I’D LIKE to start off with a story… are you sitting comfortably? Then let’s begin.
A typical day
Close your eyes for a moment.
Imagine a vessel arriving at Port Botany. In the predawn light the pilot launch churns out of the fairway, the coxswain chatting amiably to the pilot about the coming day. The pilot boards the vessel, greeting the third mate at the ladder and saying good morning to the deck hand. The pilot then climbs to the bridge to be welcomed by the master and completes the pilot-master exchange, setting the scene for effective bridge resource management with the bridge team.
The vessel proceeds to the harbour entrance, noting the vessel traffic information provided by the VTS operator. The ship’s deck crew ready the lines and the chief engineer checks the schedule for the delivery of an urgently needed pump.
The stevedore team secures the vessel. The ship’s agent, along with other officials, boards the vessel and arranges clearance documents. The ship and shore team begin arrangements to offload cargo while the chief officer meets the AMSA surveyor. The company representative brings the much-needed pump and the engine team begins replacing the part. All proceeds apace, following the process of the many vessels that transit to the ports of Australia and the world each day.
Now, open your eyes.
Who were the seafarers?
Did you actually visualise the scenario? If so, how many of the people doing the various tasks in the course of the ship arrival were actually women? Likely not many. While it is true that, at present, many of the roles are performed by men, there is no reason why it should be this way. Traditional attitudes and practices tend to shape our thinking in many ways. Sometimes, to make progress, we need to visualise something different from what we are used to, and to focus work to have that vision become a reality.
Working for change
This is exactly what various industry groups that are doing; changing the image and symbols in people’s minds to consider the possibilities and benefits of diversity in the maritime industry. Today I will try to provide some insight into just a few of these organisations.
The Nautical Institute, South East Australia Branch, via the Women in Maritime initiative, has been active through successful focus events in recent months. But, we are not the only ones working in this area. There is a wave of activity to promote, inspire and connect women in maritime not only in Australia, but regionally and internationally.
WISTA Australia ran an effective program for its 2018 annual general meeting conference recently. In addition to the exciting events for WISTA Australia, WISTA International recently was awarded consultative status by the IMO (see www.wista.net for more details).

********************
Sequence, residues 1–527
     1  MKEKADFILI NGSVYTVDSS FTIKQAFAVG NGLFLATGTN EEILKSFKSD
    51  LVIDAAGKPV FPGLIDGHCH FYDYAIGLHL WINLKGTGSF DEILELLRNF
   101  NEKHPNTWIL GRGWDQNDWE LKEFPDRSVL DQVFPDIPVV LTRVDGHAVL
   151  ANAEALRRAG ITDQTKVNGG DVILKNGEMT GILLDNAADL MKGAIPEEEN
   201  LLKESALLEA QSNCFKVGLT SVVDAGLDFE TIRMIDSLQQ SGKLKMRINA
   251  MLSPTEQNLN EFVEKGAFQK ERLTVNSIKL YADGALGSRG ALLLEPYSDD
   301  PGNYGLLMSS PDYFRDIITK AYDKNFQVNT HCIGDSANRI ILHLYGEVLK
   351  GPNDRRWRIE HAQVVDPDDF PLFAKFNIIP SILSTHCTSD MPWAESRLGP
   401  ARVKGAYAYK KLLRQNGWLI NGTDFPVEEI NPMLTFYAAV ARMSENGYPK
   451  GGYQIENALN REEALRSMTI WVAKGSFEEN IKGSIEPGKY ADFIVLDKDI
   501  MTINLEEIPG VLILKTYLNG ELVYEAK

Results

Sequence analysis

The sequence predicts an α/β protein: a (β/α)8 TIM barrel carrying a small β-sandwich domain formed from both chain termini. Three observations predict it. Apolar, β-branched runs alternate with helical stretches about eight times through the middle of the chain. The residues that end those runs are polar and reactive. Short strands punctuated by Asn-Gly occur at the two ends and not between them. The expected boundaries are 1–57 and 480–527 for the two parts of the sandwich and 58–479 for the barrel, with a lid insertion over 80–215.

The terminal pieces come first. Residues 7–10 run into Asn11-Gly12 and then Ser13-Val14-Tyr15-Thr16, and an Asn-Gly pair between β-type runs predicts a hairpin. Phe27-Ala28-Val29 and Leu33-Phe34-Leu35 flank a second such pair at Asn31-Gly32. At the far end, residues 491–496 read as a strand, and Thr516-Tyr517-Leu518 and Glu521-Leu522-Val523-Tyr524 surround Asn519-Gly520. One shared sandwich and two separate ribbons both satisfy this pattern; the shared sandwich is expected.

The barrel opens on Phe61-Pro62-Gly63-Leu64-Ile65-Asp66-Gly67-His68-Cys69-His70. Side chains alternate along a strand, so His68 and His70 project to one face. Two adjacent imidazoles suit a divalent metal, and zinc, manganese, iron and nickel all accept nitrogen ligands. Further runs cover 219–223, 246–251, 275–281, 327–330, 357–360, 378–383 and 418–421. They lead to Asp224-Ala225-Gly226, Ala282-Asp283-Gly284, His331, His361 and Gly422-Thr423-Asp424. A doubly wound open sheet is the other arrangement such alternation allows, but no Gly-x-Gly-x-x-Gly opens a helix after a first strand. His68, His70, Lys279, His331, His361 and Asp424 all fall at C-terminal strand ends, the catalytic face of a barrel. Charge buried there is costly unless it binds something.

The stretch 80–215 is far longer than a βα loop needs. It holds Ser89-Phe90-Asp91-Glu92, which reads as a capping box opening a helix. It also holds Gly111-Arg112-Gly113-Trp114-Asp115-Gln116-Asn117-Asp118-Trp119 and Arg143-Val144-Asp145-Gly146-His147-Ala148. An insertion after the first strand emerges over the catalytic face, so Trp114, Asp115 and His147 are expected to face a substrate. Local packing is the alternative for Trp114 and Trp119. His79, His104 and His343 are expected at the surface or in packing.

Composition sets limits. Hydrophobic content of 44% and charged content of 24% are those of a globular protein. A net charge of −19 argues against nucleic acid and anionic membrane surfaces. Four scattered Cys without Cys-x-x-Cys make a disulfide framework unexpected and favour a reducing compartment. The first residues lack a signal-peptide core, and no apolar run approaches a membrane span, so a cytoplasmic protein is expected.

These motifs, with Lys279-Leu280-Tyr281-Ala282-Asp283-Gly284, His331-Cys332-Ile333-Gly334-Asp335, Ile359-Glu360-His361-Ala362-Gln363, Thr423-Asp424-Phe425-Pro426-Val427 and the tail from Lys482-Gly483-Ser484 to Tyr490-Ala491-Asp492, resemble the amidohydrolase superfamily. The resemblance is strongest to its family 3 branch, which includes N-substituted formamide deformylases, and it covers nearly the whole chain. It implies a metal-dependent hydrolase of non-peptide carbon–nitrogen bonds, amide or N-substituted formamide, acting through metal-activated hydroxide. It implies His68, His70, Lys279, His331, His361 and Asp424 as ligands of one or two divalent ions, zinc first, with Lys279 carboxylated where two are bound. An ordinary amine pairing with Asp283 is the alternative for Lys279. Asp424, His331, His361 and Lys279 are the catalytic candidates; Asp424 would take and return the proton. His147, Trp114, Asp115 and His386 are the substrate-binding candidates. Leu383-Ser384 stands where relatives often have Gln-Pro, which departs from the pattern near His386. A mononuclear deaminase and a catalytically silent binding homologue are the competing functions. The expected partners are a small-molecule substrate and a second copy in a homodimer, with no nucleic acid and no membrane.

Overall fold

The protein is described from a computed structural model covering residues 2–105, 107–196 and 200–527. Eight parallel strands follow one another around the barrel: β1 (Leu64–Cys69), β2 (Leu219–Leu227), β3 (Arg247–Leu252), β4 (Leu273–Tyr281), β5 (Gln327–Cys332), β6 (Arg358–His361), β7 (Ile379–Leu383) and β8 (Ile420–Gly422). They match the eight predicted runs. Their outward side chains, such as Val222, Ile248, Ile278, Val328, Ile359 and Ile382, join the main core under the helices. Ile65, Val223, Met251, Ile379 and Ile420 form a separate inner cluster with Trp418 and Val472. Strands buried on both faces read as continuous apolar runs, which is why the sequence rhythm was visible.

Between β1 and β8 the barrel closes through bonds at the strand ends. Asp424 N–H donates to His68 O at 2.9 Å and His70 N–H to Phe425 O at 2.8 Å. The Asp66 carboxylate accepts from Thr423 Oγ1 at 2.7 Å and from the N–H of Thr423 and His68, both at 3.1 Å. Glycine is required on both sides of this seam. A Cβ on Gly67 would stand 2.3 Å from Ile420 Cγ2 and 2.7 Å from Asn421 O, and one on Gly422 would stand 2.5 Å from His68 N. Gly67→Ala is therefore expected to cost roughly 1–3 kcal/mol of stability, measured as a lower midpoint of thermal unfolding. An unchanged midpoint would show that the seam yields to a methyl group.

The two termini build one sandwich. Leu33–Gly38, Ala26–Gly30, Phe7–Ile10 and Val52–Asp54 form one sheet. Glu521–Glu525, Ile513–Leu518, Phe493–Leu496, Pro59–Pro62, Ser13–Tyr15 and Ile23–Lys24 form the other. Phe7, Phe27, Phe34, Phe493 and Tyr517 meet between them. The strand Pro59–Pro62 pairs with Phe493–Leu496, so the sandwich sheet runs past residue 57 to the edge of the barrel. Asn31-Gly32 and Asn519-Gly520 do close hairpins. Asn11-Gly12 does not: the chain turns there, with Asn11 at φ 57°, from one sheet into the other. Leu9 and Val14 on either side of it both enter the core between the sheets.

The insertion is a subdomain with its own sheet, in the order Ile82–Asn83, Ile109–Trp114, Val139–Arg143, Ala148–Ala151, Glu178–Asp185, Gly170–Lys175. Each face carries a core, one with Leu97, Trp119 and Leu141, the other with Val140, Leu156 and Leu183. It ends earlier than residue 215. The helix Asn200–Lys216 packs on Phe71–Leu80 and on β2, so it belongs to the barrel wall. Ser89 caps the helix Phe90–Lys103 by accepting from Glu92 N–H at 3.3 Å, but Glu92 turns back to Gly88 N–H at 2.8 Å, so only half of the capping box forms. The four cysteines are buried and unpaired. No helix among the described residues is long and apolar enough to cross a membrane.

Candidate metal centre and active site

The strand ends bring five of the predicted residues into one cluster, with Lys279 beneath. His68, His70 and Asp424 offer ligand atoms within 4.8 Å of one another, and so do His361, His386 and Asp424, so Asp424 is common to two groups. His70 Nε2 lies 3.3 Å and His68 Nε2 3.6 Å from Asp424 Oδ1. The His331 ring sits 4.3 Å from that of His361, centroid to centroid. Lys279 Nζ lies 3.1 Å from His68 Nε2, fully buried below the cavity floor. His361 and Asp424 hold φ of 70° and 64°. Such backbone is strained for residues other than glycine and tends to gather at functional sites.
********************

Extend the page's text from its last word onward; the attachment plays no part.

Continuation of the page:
In the region
In the region, the list of Pacific Women in Maritime Association (PACWiMA www.pacwima.org) national branches continue to grow. With branches now established in the Cook Islands, Fiji, Papua New Guinea, Tonga, Solomon Islands and Vanuatu, PACWIMA members are making waves promoting Pacific Island women in maritime activities. The regional support reflects the United Nations Sustainable Development Goal (UN SDG) 5 – “Achieve gender equality and empower all women and girls”.
Further afield Women Offshore hosted its first meetup, “unite”, in July. Women Offshore (www.womenoffshore.org) was formed in 2017 for women who work on the water in the maritime and offshore energy industries. Its website provides a host of articles and practical advice for women working in the industry.
At the UN
In keeping with the support for UN SDG 5, on 9 July IMO Secretary General Kitack Lim announced the theme for World Maritime Day 2019: empowering women in maritime. He noted the theme would ensure a focus on the IMO women in maritime program throughout 2019.
With all this energy around women in maritime, there is a real opportunity to help raise the visibility of the amazing women involved and to help achieve a vision of the future where, in our story of the ship arriving to port, we imagine a diverse group of maritime professionals involved in all aspects of the journey.
For more information on the Nautical Institute SE Australia Branch’s women in maritime activities, visit www.nisea.org and click on the appropriate tab.
* Jillian Carson-Jackson is senior vice-president of the Nautical Institute (International) and chair of the Nautical Institute South East Australia branch
This article appeared in the August edition of DCN Magazine